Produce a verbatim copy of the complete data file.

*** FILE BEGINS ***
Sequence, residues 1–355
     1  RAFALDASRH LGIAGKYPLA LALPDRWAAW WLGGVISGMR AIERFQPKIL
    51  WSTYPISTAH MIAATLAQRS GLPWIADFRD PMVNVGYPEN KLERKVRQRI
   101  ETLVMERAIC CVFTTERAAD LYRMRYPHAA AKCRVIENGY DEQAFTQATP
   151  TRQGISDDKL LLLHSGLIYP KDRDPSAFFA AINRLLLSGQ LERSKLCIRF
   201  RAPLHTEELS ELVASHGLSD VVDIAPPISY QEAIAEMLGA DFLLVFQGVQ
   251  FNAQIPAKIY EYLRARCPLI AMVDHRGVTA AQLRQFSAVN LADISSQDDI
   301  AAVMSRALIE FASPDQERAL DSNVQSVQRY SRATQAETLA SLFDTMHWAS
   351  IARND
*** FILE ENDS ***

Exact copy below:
Sequence, residues 1–355
     1  RAFALDASRH LGIAGKYPLA LALPDRWAAW WLGGVISGMR AIERFQPKIL
    51  WSTYPISTAH MIAATLAQRS GLPWIADFRD PMVNVGYPEN KLERKVRQRI
   101  ETLVMERAIC CVFTTERAAD LYRMRYPHAA AKCRVIENGY DEQAFTQATP
   151  TRQGISDDKL LLLHSGLIYP KDRDPSAFFA AINRLLLSGQ LERSKLCIRF
   201  RAPLHTEELS ELVASHGLSD VVDIAPPISY QEAIAEMLGA DFLLVFQGVQ
   251  FNAQIPAKIY EYLRARCPLI AMVDHRGVTA AQLRQFSAVN LADISSQDDI
   301  AAVMSRALIE FASPDQERAL DSNVQSVQRY SRATQAETLA SLFDTMHWAS
   351  IARND